Though location might not seem to matter at first blush to an online student, it may make a big difference for two reasons: Students who live in the same state as an online school’s physical location may be able to take advantage of in-state tuition, and some programs may require hands-on work, weekend seminars or other campus visits even for online students.
Will credits earned during the online program transfer over to other schools, or does the college accept credits received from a previous program? Students should check with the admissions or transfer office to be sure whether the credits will transfer to and from certain schools.
Even online students can participate in campus culture. Often times, a campus’s culture can help to connect distance learners in common beliefs, interests and history. Schools with a religious affiliation, historically black colleges, private schools with small class sizes or large public schools are a few examples of atmospheres that might appeal to students.
A school’s reputation and ranking may be key factors in the decision-making process for those who are looking for prestige or those who desire a degree from a particular school that regularly denotes excellence.
Patrick Mullane leads HBX, Harvard Business School’s online learning initiative, as its executive director. In the interview below, he shares key insights into the online college selection process.
It’s important to understand the extent to which assessment will be used in the course. Are there quizzes? A final exam? Obviously, as a potential enrollee, these are good to know as they will help you to gauge the relative effort required in a given course. But, the rigor of a program can also be a signal to you about its efficacy and to employers who, when they see the course on your résumé, will know that you didn’t just sign up for a “cakewalk.”
If you are taking a course for college credit, it can also be important to understand the transferability of credits to another institution. Not all institutions will accept transfer credits, so if you have designs on using an online course to lighten your load when you enroll in another school’s program, be sure you know ahead of time what the rules around transfers are.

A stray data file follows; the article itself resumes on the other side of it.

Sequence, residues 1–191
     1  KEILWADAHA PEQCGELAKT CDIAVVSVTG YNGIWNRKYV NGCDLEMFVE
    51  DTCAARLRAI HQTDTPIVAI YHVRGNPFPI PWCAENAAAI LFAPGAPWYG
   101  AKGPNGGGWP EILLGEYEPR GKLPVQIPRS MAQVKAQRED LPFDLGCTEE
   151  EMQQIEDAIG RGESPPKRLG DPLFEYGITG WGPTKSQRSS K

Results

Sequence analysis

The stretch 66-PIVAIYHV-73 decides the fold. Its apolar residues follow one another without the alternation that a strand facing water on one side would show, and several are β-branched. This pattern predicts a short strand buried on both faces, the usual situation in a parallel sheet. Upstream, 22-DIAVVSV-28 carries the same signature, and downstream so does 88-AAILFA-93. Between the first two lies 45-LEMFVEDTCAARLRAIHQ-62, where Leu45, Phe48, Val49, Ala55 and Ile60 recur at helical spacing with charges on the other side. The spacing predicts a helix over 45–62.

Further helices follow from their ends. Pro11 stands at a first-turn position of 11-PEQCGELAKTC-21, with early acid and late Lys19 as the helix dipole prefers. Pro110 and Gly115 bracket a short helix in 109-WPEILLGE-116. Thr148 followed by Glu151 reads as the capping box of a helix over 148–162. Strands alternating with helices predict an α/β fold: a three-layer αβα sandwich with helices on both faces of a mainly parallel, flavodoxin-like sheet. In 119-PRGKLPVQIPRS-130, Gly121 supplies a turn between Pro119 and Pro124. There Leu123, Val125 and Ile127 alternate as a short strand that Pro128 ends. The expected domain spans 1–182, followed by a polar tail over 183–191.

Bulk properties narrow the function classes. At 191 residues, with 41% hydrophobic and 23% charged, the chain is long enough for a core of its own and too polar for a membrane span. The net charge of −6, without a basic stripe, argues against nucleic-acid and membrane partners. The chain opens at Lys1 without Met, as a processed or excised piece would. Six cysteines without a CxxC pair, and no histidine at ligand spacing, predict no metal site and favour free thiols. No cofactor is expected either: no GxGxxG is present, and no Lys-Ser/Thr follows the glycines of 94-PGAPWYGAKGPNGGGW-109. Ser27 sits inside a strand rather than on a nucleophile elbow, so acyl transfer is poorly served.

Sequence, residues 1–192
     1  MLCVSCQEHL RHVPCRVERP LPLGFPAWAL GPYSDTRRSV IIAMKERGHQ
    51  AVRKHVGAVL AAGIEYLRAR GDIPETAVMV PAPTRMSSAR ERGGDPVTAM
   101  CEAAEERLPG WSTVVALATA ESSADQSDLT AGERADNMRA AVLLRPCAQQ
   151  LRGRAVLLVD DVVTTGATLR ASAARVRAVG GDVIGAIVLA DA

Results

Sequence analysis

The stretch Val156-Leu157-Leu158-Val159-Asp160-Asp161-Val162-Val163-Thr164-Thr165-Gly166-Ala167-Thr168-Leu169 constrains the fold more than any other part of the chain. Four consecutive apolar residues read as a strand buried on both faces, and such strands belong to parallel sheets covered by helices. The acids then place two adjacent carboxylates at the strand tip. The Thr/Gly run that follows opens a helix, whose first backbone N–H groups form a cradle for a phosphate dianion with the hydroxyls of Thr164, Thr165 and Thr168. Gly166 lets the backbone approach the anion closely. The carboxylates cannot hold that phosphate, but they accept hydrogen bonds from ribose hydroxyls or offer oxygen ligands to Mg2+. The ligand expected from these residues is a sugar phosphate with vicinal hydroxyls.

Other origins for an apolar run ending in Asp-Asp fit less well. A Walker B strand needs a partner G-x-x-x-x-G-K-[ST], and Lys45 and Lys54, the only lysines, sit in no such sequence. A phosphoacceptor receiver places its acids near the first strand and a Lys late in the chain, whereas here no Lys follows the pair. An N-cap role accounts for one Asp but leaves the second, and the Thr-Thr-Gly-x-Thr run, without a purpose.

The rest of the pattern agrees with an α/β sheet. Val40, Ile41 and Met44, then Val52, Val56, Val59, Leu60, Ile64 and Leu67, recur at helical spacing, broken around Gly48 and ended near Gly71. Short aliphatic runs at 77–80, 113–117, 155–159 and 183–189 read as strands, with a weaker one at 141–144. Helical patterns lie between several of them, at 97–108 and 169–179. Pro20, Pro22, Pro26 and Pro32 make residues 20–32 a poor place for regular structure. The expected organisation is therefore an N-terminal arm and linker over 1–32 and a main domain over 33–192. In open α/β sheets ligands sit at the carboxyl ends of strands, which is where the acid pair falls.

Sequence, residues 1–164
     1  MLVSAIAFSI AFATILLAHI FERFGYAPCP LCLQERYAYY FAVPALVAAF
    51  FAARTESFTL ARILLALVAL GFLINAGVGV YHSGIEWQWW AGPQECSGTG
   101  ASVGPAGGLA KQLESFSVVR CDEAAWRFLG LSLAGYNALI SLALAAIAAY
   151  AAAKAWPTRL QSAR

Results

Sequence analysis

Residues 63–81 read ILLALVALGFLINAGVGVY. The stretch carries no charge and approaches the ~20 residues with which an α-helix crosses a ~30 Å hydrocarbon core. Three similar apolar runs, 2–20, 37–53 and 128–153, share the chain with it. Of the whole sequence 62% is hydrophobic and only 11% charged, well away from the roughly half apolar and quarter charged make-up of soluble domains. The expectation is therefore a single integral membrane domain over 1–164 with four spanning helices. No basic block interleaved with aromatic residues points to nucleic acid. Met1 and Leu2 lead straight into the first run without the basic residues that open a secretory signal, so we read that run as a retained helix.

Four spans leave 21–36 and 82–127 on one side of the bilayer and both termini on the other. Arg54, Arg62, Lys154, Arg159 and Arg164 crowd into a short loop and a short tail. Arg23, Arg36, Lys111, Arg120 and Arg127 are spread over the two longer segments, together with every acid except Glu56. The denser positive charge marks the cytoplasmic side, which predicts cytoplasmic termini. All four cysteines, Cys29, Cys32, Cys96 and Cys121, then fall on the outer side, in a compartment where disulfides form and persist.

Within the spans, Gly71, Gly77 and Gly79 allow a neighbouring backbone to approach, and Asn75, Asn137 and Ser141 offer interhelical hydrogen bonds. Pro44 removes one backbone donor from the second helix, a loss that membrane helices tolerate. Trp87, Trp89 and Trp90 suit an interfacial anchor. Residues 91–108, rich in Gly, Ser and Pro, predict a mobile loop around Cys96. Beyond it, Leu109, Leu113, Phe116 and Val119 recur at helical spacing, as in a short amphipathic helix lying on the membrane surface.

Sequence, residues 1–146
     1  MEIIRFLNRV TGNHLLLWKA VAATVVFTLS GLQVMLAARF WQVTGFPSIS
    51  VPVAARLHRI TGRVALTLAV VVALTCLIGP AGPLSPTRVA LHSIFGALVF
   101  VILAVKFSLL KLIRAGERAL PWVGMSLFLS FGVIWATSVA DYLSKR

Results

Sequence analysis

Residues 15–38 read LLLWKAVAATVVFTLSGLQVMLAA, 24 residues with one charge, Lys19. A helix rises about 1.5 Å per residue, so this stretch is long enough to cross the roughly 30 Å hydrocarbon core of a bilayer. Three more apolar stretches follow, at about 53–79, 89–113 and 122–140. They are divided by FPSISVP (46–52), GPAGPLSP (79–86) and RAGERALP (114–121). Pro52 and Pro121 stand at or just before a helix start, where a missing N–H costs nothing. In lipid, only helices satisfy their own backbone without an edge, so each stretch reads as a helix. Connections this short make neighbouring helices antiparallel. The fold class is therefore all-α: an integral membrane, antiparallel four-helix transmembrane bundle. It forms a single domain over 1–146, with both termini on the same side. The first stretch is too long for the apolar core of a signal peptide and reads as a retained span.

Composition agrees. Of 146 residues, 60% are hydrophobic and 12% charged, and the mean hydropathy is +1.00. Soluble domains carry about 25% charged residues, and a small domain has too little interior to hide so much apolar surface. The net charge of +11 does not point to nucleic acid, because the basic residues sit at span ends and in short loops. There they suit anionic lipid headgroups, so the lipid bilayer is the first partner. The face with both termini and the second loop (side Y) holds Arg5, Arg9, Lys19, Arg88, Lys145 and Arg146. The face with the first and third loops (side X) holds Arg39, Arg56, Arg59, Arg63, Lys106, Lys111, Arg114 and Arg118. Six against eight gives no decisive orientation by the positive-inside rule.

Fortunately, online education has come a long way in the last five to 10 years, and big red flags are few and far between. Common sense is your best friend when it comes to making a smart choice. Prospective online students should do plenty of research before choosing a program. They can turn to reputable news sources and websites, which may have lists or references regarding online programs.
Students should start with their end goal in mind. They should ask questions such as, “What am I trying to accomplish through an online course? Am I trying to learn a new hard skill for my current job, enhance my résumé for a new job, or make a career change?” These questions matter as they can help you sift through the options.
If you are trying to signal your commitment to mastering new skills in order to advance your career or make a career change, a rigorous program that awards a credential of some kind, like the HBX CORe program, would be a good choice. If you are simply trying to brush up on a skill that helps you in your current job, a free course that has no “paper” (certificate, credential or degree) at the end may be just fine.
Looking for even more information on how to choose the best online colleges and universities? This list of impartial and informative resources can help students make their final decision and explore other information as well, such as financial aid and scholarships.
A service of the U.S. Department of Education, this extensive resource provides information on everything from tuition costs, net price, and vocational and trade schools.
Part of the National Center for Education Statistics, this in-depth search tool provides students the opportunity to search through a variety of schools, in addition to helping with career searches and financial aid.
Another service of the U.S. Department of Education, this important website can help prospective students answer the very important question of whether or not their potential schools are accredited.